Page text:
This section introduces you to some basic concepts in modeling. Polygonal modeling or box modeling is a system of building a model through working on it’s components… the vertice, edge and polygonal face. If you don’t know what the components of a mesh model are, go here.
Components of a mesh
A note about edges…
- Edges are the lines that connect the vertices.
- An edge-ring is made of the edges that surround the selected mesh.
- An edge loop is the connected loop that holds that edge-rings together,
You can see from these images that box modeling gives you literally unlimited amount of control over the final outcome of the model. In fact, the amount of tools available for box modeling are mind boggling. You can manipulate the 3 components in many different ways by slicking, cutting, stitching, dividing, dissolving…
For instance, here’s how you would build a house through box modeling .
- Create a cube
- Saw it in half to insert a new edge
- You will now see a new edge loop in the cube.
- Pick the top edge and lift it upwards. Voila, a roof!
There are loads of tools in Gsculpt that allow you to take apart or build meshes. I will leave you to the joys of discovering what each one does. This page will only introduce you to 3 basic actions, which will comprise of almost 80% of your base mesh building.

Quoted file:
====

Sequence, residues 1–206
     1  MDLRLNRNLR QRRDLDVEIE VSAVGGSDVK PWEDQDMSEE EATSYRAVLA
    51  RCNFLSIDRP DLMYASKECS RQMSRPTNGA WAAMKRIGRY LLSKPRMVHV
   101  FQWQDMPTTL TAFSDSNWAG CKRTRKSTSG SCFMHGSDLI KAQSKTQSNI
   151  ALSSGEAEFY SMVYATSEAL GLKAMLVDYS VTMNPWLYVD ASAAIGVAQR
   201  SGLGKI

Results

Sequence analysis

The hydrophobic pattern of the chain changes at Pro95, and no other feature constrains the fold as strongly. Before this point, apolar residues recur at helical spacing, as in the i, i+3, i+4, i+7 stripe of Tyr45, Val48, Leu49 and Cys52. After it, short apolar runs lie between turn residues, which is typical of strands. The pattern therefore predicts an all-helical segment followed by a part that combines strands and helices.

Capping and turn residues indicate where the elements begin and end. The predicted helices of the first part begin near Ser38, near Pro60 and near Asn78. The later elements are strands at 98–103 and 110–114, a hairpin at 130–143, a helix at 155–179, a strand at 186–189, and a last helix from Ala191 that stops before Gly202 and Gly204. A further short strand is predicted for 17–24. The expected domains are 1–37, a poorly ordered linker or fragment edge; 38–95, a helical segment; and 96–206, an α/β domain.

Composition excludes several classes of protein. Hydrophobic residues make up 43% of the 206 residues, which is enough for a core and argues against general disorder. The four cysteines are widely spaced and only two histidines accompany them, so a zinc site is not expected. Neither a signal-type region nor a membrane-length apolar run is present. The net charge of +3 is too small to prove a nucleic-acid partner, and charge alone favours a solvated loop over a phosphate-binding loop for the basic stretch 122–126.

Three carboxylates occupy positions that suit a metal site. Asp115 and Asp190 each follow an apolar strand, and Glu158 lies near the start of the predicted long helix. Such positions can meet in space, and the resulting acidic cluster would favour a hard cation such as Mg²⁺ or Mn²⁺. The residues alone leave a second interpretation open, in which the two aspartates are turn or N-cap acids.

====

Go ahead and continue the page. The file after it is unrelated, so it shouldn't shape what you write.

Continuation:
Your 3 best friends
There are many ways to extrude a face, but the logic is the same. When you extrude a ‘block’, 5 new faces are formed. (4 on the sides, and one on top.) You will use this technique to build and add dimension to your object.
Insetting a face is like projecting a window onto a wall. This is useful when you want to create more detail on a face without extruding it outwards.
Beveling is usually used to smoothen a hard edge. When you bevel an edge, a new face is formed between the two previous faces. This is a useful tool because real life has very few hard edges, and you will find yourself beveling almost anything that you build.
These three techniques were used to build a marker in this tutorial. Go here to see it.
When used alongside the tools that you read about in basics (scale, move, rotate) these techniques are very useful.